Bob: You have had tens of thousands / hundreds of thousands of wives who have read your story, online, on your blog. People are getting back in touch with you and saying, “Thank you for sharing,” because they have felt isolated—
Bob: —a lot of wives who are in the same kind of circumstance you were in and feel like there is nowhere to go and no one to talk to about this.
Jennifer: And that’s exactly how I was feeling when I was struggling in my marriage. I really didn’t know where to turn to. I didn’t even feel comfortable going to church and saying:
“I have these issues. I need help.” So, I was isolated—myself.
When the Lord started working in our marriage and helping me, I realized that I wanted to be a resource for people—especially online—for those who are too scared to go to church or too scared to go to counseling. I wanted them to be able to look and search something online about marriage and have something from my heart to share with them.
Dennis: Take us to the day when you hit the wall and you found yourself in church, just feeling like there wasn’t anywhere to turn.
Jennifer: I was sitting in church and just feeling the pressure and the weight of our struggles mounting. I literally felt like I couldn’t breathe—I don’t know if I was having a panic attack or what. I looked around and I thought, “How many other people here are wrestling with marriages?” because it looks like they are fine. I remember just looking over at my husband. He was hunched over. I couldn’t tell if he was listening to the pastor or not, but he looked defeated. I didn’t know if we were going to be talking about divorce at that point; but that’s what it felt like.
You know, it felt like—
Dennis: You’d been married how long?
Jennifer: About three-and-a-half years—so not very long at all. We should have been in the newlywed phase still. It was just one devastation after another that led us to where we were.
Bob: So, take us back to the beginning because couples don’t meet, and fall in love, and get married, thinking, “Three-and-half years from now,—
Bob: —“we’re going to be isolated.” Tell us about how you and your husband met.
Jennifer: I was young. I was about 16 years old, and I was going to this Bible study. Aaron showed up—and I don’t know if you’d say, “Love at first sight,” but I definitely wanted to know more about who he was.
Bob: What was it about him?
Jennifer: His presence was commanding. Everybody kind of gravitated to him. He was very social—confident. I was the opposite of everything I saw in him. So, it was attractive. I remember just thinking, “Well, there’s no way I’m just going to go up and introduce myself.” I was too shy. So, I waited a couple weeks. Then, eventually, it was like, “Hi, I’m Jenn.” “Hi, I’m Aaron.” That was it.
Then, a couple more weeks—slowly, we became friends.
We started going on group dates. We’d go to the movies with other friends. Our relationship just grew over the course of, maybe, two years. Then, we stopped hanging out for a while. That’s when—I share in my book how I pursued another relationship because I thought Aaron didn’t want me. What I didn’t realize was he actually had a heart for God—and he said: “You know, Lord, I don’t want to just keep dating. I don’t want that. I want to date my wife.” He had this covenant going with the Lord: “Just show me who my wife is.” I thought: “Okay; I’m not her, obviously. He hasn’t asked me out yet.” So, I pursued another relationship; and that didn’t work out.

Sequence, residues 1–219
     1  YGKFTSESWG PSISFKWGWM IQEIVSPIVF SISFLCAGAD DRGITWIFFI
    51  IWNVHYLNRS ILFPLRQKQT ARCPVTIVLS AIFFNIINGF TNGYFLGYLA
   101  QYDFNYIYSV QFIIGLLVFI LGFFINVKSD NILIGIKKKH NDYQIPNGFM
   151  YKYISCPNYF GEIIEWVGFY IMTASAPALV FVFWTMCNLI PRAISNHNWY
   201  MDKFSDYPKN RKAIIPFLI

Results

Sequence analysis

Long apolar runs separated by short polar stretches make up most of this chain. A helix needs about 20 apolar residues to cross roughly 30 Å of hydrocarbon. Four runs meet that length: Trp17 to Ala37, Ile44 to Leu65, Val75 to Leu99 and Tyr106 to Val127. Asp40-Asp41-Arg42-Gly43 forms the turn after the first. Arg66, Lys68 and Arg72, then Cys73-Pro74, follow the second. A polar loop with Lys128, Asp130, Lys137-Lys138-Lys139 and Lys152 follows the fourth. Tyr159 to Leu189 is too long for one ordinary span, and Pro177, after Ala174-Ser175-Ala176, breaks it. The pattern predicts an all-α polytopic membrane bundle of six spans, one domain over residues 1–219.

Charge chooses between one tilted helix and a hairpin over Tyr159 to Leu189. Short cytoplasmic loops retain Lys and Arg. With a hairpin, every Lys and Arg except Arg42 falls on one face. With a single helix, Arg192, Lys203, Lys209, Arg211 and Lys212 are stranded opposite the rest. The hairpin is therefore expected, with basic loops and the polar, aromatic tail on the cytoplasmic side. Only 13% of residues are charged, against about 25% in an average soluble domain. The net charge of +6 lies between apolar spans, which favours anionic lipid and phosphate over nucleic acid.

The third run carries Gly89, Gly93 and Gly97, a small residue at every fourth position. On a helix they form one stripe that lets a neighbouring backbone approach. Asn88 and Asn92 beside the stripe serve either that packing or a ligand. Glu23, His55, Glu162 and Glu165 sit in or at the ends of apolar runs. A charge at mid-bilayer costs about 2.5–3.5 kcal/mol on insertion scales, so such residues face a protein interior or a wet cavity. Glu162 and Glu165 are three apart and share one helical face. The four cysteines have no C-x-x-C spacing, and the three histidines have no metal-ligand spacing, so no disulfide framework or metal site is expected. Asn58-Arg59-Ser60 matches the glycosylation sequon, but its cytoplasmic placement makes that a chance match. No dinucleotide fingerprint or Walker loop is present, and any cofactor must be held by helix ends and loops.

Then, I was at a birthday party, and Aaron showed up. He was a pizza delivery guy, and he shows up with all these pizzas. I’m like: “Oh my gosh! I haven’t seen you in six months! How are you doing?” Then, I said, “You should call me sometime.” It was the next day—he invited me to the movies. So, we had a little date. That was our first date, even though we were just friends still. We picked up from there. It was another six months before he asked me out.
Bob: So, was he thinking, when you went to the movies, “Maybe this is…”
Jennifer: [Whispering] I have no idea!
Bob: Really?! You haven’t talked about this?
Bob: Well, we should get him on the phone and find out what he was thinking. [Laughter]
Dennis: How old were you at the time?
Jennifer: I had just graduated high school. So, I would have been 18.
Dennis: Let’s just cut to the chase. Let’s find out what was going on in Aaron’s head. Let’s call him on the phone right now.
Dennis: Oh, really—absolutely. [Phone ringing]
Bob: Hey, Aaron. It’s Bob Lepine from FamilyLife Today. How are you?
Dennis: And it’s Dennis Rainey.
Jennifer: And it’s Jennifer Smith.
Dennis: We’re calling to get the straight scoop from you about this dating relationship you had with a young lady that was kicked off by delivering ten pizzas to her place.
Bob: Do you remember the day you brought the pizzas over to the house?
Aaron: Yes, I do.
Bob: And you remember when Jenn said: “Here’s my number. You should call me sometime,”?
Aaron: [Laughter] I don’t exactly remember it going like that, but I remember her being excited to see me.
Bob: Yes? She said she gave you the number and said, “Call me sometime.” You called her the next day and asked her to the movies.
Aaron: Yes. Yes, I did.
At the time, I liked her; but I don’t know if I was necessarily interested like that—but yes, I wanted to go hang out and get to know her more.